Parker glanced across the hospital cafeteria to the table where the object of his recent fascination sat eating her lunch, phone in hand, earbuds in place to deflect any unwanted attention. Head nurse of the new pediatric ward at Royal Memorial Hospital, Clare Connelly was smart and competent, by far one of the best nurses he'd ever worked with. She ran a tight ship on her ward, and was highly regarded by her coworkers.
And for reasons that escaped Parker, she refused to like him.
Lucas Wakefield, chief of surgery and fellow Texas Cattleman's Club member, set his tray down on the table and dropped into the seat across from Parker. "Mind if I join you?"
Parker grinned. "I think you just did."
If it wasn't for Luc, Parker wouldn't even be in Texas. The two had met at a conference when they were both medical students. At the time, Parker had been working toward a career in cosmetic plastic surgery for the rich and famous, the only medical field his father considered lucrative enough for a tycoon's son, and one that Parker knew would never elicit any real sense of pride. As was often the case, his father's own selfish demands and archaic values trumped Parker's happiness.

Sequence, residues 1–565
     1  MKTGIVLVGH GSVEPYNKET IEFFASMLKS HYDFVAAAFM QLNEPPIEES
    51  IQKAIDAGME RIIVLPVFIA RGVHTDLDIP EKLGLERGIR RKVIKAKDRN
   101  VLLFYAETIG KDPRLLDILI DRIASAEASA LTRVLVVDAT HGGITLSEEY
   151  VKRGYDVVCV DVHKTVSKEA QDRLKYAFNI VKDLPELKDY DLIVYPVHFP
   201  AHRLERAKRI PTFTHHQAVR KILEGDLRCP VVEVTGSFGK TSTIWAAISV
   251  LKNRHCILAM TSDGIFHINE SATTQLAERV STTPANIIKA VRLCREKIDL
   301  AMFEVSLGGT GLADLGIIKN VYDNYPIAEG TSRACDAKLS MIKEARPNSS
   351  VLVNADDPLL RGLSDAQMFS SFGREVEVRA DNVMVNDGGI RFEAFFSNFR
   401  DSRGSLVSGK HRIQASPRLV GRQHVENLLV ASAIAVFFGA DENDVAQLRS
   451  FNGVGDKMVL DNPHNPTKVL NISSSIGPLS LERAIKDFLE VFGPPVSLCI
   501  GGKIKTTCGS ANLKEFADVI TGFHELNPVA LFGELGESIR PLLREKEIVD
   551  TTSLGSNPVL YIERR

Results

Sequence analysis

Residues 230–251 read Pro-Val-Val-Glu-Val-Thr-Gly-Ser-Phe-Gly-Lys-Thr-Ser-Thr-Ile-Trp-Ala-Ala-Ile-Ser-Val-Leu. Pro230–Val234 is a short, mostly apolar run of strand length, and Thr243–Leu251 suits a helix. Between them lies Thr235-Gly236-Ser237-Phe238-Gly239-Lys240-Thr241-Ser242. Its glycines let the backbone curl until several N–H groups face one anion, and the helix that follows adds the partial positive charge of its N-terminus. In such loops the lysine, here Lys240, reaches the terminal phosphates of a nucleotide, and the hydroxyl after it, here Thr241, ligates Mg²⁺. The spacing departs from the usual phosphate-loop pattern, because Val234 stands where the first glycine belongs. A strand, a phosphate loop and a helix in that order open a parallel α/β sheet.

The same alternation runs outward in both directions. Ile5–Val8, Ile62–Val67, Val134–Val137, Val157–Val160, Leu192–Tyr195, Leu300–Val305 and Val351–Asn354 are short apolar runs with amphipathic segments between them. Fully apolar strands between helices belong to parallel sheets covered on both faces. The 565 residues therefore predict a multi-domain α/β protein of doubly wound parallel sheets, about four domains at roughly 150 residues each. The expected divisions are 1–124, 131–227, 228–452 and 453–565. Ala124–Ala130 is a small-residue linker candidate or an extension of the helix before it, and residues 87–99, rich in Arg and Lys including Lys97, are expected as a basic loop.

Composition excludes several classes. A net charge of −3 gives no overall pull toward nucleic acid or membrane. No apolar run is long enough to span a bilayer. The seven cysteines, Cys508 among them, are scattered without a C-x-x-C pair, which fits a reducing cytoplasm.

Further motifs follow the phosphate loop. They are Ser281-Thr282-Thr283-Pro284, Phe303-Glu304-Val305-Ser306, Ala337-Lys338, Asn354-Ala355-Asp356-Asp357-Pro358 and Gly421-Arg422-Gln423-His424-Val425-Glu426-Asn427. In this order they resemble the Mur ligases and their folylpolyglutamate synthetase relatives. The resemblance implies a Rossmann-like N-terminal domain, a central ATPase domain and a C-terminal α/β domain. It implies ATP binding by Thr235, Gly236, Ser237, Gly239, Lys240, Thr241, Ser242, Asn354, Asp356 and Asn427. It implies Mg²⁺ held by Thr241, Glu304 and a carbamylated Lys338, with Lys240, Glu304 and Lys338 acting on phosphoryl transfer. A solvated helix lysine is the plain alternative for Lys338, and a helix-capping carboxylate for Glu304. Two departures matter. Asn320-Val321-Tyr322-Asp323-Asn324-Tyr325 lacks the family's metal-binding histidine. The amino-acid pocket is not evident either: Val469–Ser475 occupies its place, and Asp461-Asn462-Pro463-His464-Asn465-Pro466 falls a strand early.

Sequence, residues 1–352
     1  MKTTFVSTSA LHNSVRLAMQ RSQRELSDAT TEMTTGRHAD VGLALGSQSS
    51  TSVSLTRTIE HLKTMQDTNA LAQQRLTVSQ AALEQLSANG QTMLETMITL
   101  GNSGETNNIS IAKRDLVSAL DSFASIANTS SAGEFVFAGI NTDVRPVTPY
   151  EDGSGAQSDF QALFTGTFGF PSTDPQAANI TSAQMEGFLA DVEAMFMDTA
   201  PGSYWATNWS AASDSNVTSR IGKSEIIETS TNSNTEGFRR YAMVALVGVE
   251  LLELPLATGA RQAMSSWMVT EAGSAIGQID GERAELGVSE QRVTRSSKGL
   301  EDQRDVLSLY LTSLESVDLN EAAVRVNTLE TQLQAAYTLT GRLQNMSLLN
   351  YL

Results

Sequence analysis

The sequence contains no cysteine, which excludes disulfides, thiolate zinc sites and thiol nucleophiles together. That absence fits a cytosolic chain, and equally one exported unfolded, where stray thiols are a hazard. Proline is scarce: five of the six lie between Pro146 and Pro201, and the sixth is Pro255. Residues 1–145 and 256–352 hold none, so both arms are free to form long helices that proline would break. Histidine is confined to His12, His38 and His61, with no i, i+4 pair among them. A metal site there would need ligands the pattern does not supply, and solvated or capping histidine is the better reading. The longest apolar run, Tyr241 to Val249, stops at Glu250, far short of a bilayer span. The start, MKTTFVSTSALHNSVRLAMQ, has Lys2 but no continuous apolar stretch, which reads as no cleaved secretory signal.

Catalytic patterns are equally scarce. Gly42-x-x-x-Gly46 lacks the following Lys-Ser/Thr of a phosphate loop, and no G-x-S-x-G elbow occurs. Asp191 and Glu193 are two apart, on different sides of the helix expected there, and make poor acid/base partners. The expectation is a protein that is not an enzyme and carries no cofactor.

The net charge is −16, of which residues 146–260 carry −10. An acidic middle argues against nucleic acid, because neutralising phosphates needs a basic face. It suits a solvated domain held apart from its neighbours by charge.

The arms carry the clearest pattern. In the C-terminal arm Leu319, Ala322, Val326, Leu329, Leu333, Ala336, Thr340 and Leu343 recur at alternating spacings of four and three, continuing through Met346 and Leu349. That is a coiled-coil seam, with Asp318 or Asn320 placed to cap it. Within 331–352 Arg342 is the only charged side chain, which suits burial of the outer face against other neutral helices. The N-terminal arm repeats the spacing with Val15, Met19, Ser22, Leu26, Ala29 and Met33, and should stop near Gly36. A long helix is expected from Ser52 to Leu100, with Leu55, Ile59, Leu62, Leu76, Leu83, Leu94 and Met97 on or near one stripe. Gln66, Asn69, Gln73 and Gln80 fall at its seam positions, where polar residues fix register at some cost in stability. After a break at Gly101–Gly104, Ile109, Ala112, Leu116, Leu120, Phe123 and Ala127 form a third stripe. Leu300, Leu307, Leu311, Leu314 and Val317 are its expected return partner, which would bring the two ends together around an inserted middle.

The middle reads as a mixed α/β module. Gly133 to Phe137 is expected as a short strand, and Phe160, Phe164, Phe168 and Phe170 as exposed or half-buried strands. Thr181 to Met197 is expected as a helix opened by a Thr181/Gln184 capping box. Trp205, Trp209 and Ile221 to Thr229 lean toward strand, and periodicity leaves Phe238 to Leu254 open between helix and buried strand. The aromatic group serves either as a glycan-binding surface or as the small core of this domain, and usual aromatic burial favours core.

Luc had told him to screw the old man and convinced Parker to follow his true passion. Pediatrics. And for the first time in his life Parker stood up to his father. There had been a fair amount of shouting, and threats to cut Parker off financially. His father had even threatened to disown him, but Parker told him that was a chance he was willing to take. His father finally, though reluctantly, conceded. That put an end to the threats and manipulations his father had always used to control him, and for the first time in his life, Parker felt truly independent. But the event had caused a fissure in their relationship, one that took many years to heal. Even so, by the time his father had passed away last year, they'd managed to resolve most of their differences.